Netflix's In the Shadow of the Moon Review

Nine Year Monkey

by Casimir Harlow

Netflix's In the Shadow of the Moon Review

Netflix secures a flawed but engaging gem with this mystery thriller starring Boyd "The Predator" Holbrook, directed by Jim "Cold in July" Mickle, which gives an ostensibly serial killer crime story a distinctly Twelve Monkeys vibe.

Still searching for quality programming, In the Shadow of the Moon sets a wonderfully authentic - and filmic - tone from the outset, setting it apart from its Netflix peers often primarily visually, as it feels like it was actually (for once) made for a theatrical release, rather than just polished in that quintessential Netflix-trademark sheen. Undoubtedly this is largely thanks to Mickle, whose unpredictable crime story Cold in July put a wonderful spin on a traditional revenge thriller, bringing similar unpredictability to bear here, albeit wielding a much more ostentatious high concept premise - something which ultimately leaves it somewhat flawed despite being something of a welcome gem nonetheless.

 A well put-together mystery thriller whose journey is ultimately more interesting than its destination

The story sees a serial killer striking every nine years, plaguing a young cop who is certain that the case is closed, only to find that - nine years later - a copycat is in town whose crimes reveal knowledge that only the original killer would have had. Increasingly obsessed with finding the truth about this odd 'repeat' offender, he's approached by a theorist who believes that something wildly improbable might be happening - with a bridge to another world, and another time, opening every nine years with the blood moon, and unleashing a curious kind of hell.


The biggest problem with this kind of high concept idea is that the reveal seldom has a chance in hell of living up to the potential suggested by the premise. It's what killed the heady all-star mystery thriller Serenity, and it ultimately sends this one off track too, somewhat, trying its best to explain the inexplicable and, in doing so, almost devaluing the power of that initial mystery.

Indeed, the first act of In the Shadow of the Moon is superbly effective, brimming with tension as it explores a series of seemingly unconnected but universally horrific murders and - eventually - has the cops seemingly successfully track the suspect behind them. The first twist comes early here, informing that high concept premise, and peddling that welcome Twelve Monkeys vibe (which, to be honest, is palpable right from the outset). The passage of time, and damage that follows is well chronicled in the second act, with every nine-year recurrence triggering a combination of disbelief and seeming paranoia, coupled with a tense chase to capture this unique murderer. But eventually it becomes glaringly obvious that they're not really going to be able to find a satisfactory way to tie this all together in a neat little bow, leaving an oftentimes gripping ride bookended by a somewhat unsatisfactory conclusion. It's still solid storytelling, and keeps you on your toes for the duration, but it needed a better resolution to bring home the instead unfulfilled potential of the premise.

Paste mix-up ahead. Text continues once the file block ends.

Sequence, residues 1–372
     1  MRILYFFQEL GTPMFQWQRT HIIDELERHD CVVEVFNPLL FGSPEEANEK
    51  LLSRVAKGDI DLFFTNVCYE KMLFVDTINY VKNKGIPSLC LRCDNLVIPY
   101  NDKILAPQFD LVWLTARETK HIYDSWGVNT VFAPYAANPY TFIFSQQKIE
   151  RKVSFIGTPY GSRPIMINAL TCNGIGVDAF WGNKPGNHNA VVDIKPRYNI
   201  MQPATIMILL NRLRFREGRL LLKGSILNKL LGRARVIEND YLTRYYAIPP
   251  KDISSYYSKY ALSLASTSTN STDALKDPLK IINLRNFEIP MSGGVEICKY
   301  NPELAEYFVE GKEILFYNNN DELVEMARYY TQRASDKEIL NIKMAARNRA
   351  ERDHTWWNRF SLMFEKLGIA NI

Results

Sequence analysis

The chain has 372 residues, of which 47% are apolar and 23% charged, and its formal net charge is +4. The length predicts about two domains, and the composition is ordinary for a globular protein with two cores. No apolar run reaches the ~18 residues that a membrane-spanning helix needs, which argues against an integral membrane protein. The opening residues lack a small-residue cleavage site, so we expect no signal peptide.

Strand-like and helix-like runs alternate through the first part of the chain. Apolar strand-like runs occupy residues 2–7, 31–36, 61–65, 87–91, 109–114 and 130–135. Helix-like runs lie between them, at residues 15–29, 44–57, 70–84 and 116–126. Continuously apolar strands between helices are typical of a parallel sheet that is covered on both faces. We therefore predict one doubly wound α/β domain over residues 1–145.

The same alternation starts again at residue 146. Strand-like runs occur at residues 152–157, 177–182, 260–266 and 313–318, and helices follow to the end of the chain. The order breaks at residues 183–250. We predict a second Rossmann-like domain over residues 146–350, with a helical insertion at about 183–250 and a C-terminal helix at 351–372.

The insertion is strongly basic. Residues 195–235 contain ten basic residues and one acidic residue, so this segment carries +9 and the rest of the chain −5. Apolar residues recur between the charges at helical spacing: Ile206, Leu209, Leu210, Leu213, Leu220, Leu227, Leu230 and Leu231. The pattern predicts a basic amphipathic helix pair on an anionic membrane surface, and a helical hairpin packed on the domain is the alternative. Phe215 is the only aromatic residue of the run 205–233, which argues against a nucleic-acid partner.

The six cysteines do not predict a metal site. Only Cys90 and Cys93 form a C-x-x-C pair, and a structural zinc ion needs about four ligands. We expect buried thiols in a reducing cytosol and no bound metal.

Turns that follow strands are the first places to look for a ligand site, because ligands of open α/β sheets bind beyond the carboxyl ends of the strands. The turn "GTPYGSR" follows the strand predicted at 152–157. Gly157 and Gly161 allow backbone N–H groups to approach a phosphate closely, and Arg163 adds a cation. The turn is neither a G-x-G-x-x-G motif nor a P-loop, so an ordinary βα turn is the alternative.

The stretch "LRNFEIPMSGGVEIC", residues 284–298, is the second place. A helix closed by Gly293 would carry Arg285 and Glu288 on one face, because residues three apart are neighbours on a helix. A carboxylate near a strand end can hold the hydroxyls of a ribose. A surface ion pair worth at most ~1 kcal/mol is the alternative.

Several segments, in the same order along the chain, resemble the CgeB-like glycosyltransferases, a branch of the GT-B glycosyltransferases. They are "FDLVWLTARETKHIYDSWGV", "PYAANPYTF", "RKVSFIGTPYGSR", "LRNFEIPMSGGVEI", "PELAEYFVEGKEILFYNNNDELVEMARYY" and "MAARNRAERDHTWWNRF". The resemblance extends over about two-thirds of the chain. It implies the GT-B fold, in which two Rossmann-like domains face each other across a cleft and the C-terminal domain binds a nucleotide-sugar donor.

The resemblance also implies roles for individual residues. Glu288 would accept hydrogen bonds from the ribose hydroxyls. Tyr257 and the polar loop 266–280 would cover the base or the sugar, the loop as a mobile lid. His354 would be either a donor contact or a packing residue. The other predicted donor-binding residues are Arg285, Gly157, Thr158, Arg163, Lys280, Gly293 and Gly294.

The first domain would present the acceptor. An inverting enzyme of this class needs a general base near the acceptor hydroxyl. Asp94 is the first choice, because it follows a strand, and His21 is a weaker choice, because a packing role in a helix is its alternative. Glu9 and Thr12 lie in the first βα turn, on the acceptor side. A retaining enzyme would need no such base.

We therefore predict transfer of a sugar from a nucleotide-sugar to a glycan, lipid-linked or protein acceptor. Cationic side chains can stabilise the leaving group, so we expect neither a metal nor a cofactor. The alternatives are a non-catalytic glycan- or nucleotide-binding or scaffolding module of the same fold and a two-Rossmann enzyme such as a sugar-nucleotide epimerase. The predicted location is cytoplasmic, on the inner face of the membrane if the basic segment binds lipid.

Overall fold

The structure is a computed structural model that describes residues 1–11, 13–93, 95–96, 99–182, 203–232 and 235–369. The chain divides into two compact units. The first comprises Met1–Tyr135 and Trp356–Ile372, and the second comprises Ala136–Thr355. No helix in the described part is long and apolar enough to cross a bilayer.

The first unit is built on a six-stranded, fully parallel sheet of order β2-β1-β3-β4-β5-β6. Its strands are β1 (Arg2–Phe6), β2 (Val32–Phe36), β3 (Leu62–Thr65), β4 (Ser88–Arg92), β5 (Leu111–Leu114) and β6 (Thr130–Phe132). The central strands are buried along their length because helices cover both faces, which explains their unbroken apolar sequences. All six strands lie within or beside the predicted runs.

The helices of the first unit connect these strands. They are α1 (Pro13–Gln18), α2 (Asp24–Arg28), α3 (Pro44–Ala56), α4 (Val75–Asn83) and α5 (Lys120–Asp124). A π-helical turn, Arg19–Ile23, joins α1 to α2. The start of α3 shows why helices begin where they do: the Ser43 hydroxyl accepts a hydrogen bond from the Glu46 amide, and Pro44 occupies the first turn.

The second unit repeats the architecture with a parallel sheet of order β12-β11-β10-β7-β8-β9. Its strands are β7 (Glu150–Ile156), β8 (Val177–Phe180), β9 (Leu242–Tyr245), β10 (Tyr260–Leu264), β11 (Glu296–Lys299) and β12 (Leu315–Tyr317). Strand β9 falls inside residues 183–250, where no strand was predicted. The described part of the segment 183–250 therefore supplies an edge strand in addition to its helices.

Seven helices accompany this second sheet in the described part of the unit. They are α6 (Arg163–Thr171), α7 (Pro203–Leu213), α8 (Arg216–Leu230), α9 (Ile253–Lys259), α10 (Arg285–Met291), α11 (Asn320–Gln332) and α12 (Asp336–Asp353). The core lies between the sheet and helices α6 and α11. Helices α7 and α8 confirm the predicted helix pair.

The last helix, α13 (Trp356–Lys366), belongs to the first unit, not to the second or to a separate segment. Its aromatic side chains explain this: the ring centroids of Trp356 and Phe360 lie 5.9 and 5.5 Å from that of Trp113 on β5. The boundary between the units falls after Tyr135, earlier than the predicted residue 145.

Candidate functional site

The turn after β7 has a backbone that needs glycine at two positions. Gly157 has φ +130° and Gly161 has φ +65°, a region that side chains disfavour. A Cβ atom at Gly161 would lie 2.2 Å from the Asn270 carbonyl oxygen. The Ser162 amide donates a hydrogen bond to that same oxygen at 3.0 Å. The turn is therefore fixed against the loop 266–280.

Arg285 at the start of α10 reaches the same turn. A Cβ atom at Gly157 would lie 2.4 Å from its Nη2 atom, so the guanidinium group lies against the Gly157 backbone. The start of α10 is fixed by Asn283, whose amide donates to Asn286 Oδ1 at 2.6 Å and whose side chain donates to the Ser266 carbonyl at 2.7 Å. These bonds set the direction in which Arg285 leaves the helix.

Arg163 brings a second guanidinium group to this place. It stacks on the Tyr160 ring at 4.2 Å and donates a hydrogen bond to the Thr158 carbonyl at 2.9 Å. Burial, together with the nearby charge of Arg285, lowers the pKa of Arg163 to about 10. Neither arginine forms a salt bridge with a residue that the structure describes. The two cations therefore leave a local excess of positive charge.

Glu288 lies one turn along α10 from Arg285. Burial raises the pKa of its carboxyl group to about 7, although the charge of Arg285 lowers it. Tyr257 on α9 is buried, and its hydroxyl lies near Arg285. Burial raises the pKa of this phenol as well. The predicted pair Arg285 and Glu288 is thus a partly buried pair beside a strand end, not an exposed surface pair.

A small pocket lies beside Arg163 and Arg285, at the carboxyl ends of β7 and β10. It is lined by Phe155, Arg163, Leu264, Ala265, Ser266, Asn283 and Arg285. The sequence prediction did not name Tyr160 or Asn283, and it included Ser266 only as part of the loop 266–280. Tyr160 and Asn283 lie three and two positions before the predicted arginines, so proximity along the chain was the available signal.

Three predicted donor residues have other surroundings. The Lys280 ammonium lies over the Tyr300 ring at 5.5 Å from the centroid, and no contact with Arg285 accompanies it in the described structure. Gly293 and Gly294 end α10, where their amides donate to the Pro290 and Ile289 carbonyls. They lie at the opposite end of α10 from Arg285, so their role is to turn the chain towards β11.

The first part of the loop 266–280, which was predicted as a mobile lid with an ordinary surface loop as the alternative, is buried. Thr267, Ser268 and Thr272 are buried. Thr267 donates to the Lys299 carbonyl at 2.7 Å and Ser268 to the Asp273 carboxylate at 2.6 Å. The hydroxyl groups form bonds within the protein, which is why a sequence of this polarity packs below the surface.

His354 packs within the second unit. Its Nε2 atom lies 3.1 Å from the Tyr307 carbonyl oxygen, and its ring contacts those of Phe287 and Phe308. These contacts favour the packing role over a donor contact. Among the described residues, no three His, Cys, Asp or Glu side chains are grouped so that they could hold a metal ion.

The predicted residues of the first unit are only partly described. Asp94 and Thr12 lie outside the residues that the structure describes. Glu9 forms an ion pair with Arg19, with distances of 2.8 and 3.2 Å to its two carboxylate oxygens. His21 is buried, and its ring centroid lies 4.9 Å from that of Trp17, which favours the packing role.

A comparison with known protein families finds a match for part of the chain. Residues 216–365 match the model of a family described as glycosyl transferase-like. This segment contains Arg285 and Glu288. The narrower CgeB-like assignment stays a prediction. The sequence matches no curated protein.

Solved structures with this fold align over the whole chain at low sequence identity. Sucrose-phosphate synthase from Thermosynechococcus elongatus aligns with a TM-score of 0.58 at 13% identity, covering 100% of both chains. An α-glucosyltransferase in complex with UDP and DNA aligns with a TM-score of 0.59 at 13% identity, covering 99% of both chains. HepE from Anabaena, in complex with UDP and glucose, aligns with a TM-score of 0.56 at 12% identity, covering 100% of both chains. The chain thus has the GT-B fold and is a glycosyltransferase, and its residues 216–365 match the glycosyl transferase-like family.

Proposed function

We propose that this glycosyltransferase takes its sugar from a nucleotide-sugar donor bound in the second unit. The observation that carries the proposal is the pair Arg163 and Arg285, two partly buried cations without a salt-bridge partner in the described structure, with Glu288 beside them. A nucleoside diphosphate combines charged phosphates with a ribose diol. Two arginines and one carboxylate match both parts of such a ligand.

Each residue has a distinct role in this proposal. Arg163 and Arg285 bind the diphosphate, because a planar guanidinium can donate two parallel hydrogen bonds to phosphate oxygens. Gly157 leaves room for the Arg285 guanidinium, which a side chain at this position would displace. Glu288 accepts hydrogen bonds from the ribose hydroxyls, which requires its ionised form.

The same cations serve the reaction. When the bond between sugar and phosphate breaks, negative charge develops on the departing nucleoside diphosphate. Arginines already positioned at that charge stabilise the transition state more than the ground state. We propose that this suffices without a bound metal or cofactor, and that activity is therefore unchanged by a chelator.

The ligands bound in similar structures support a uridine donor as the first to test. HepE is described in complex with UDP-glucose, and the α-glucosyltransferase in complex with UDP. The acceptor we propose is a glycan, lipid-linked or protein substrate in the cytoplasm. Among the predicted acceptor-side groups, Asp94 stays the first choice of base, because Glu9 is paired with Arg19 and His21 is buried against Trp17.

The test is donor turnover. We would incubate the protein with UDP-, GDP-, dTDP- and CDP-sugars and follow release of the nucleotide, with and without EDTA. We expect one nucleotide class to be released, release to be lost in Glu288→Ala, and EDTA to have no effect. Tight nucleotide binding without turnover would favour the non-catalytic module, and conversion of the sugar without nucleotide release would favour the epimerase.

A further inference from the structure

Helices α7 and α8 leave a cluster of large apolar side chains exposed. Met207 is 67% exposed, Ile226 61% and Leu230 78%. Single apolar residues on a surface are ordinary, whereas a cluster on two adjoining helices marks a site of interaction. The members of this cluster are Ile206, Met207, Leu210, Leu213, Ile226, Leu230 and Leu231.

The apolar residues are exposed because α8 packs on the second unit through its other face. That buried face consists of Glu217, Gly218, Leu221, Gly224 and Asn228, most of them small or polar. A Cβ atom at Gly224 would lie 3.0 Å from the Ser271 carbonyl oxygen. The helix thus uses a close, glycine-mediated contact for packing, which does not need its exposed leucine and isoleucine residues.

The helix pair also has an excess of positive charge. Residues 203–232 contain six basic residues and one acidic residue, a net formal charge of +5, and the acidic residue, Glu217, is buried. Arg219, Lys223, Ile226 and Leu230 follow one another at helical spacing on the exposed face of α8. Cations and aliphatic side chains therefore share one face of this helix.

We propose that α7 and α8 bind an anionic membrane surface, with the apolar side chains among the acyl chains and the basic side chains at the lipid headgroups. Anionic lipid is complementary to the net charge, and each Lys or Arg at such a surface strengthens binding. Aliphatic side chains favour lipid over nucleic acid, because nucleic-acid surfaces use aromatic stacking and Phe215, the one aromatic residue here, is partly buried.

Somewhat flawed despite being something of a welcome gem nonetheless

Thankfully, however much the weaponised disaster of The Predator might still be haunting you, Boyd Holbrook is on solid form here, gifted some competent ageing/de-ageing work, a decent enough set-up with Rachel "Legion" Keller's pregnant wife, and a solid partner in Bokeem Woodbine (Fargo, Spider-Man: Homecoming), even if Michael C. Hall (Dexter, also from Mickle's Cold in July) appears content just to appear at the end of every tense scene and shout his name a few times. And Cleopatra Coleman is also well chosen as the would-be serial killer, although her casting betrays the mystery somewhat, as she never quite convinces as a random, vicious, murderer - particularly once you've seen and heard her up close.

In Dolby Vision 4K with Dolby Atmos, In the Shadow of the Moon certainly looks and sounds impressive and, as stated, it welcomely eschews standard Netflix formatting in favour of a more filmic look that only leaves the subtle HDR flourishes all the more impressive. Mickle has done well to keep his programming authentic, and the result is a well put together mystery thriller that's worth checking out, even if the journey is ultimately more interesting than its destination.

Scores

Verdict

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7
7
AVForumsSCORE
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10

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